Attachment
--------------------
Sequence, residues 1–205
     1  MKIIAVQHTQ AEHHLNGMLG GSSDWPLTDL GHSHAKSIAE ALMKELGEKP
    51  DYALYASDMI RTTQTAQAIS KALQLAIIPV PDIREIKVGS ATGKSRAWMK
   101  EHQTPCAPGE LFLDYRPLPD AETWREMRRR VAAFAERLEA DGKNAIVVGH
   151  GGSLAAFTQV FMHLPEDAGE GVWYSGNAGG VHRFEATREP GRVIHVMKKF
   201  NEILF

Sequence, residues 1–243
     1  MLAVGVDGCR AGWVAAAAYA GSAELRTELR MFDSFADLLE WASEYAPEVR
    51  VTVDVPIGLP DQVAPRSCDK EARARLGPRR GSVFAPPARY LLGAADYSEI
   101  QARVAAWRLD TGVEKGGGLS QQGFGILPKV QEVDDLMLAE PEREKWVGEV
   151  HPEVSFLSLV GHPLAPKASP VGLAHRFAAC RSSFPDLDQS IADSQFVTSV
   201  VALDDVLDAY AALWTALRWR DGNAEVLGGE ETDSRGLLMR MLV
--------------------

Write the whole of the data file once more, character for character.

Sequence, residues 1–205
     1  MKIIAVQHTQ AEHHLNGMLG GSSDWPLTDL GHSHAKSIAE ALMKELGEKP
    51  DYALYASDMI RTTQTAQAIS KALQLAIIPV PDIREIKVGS ATGKSRAWMK
   101  EHQTPCAPGE LFLDYRPLPD AETWREMRRR VAAFAERLEA DGKNAIVVGH
   151  GGSLAAFTQV FMHLPEDAGE GVWYSGNAGG VHRFEATREP GRVIHVMKKF
   201  NEILF

Sequence, residues 1–243
     1  MLAVGVDGCR AGWVAAAAYA GSAELRTELR MFDSFADLLE WASEYAPEVR
    51  VTVDVPIGLP DQVAPRSCDK EARARLGPRR GSVFAPPARY LLGAADYSEI
   101  QARVAAWRLD TGVEKGGGLS QQGFGILPKV QEVDDLMLAE PEREKWVGEV
   151  HPEVSFLSLV GHPLAPKASP VGLAHRFAAC RSSFPDLDQS IADSQFVTSV
   201  VALDDVLDAY AALWTALRWR DGNAEVLGGE ETDSRGLLMR MLV